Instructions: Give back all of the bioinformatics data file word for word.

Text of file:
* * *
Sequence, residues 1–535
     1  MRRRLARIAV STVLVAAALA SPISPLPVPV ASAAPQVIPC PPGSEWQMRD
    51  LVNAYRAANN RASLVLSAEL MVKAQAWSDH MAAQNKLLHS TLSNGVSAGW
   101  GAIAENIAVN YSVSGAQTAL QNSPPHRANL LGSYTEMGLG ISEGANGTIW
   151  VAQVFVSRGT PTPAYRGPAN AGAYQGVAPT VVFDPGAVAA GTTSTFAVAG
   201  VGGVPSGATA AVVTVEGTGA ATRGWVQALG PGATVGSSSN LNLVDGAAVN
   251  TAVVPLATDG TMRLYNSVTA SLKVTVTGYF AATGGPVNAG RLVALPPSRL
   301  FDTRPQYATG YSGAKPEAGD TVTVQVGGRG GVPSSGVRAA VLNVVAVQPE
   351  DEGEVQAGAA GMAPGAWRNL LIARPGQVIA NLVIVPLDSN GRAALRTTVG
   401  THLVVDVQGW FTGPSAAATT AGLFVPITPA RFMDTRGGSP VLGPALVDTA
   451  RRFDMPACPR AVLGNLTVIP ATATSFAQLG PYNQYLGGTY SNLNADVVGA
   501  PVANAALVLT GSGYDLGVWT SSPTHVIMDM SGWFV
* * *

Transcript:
Sequence, residues 1–535
     1  MRRRLARIAV STVLVAAALA SPISPLPVPV ASAAPQVIPC PPGSEWQMRD
    51  LVNAYRAANN RASLVLSAEL MVKAQAWSDH MAAQNKLLHS TLSNGVSAGW
   101  GAIAENIAVN YSVSGAQTAL QNSPPHRANL LGSYTEMGLG ISEGANGTIW
   151  VAQVFVSRGT PTPAYRGPAN AGAYQGVAPT VVFDPGAVAA GTTSTFAVAG
   201  VGGVPSGATA AVVTVEGTGA ATRGWVQALG PGATVGSSSN LNLVDGAAVN
   251  TAVVPLATDG TMRLYNSVTA SLKVTVTGYF AATGGPVNAG RLVALPPSRL
   301  FDTRPQYATG YSGAKPEAGD TVTVQVGGRG GVPSSGVRAA VLNVVAVQPE
   351  DEGEVQAGAA GMAPGAWRNL LIARPGQVIA NLVIVPLDSN GRAALRTTVG
   401  THLVVDVQGW FTGPSAAATT AGLFVPITPA RFMDTRGGSP VLGPALVDTA
   451  RRFDMPACPR AVLGNLTVIP ATATSFAQLG PYNQYLGGTY SNLNADVVGA
   501  PVANAALVLT GSGYDLGVWT SSPTHVIMDM SGWFV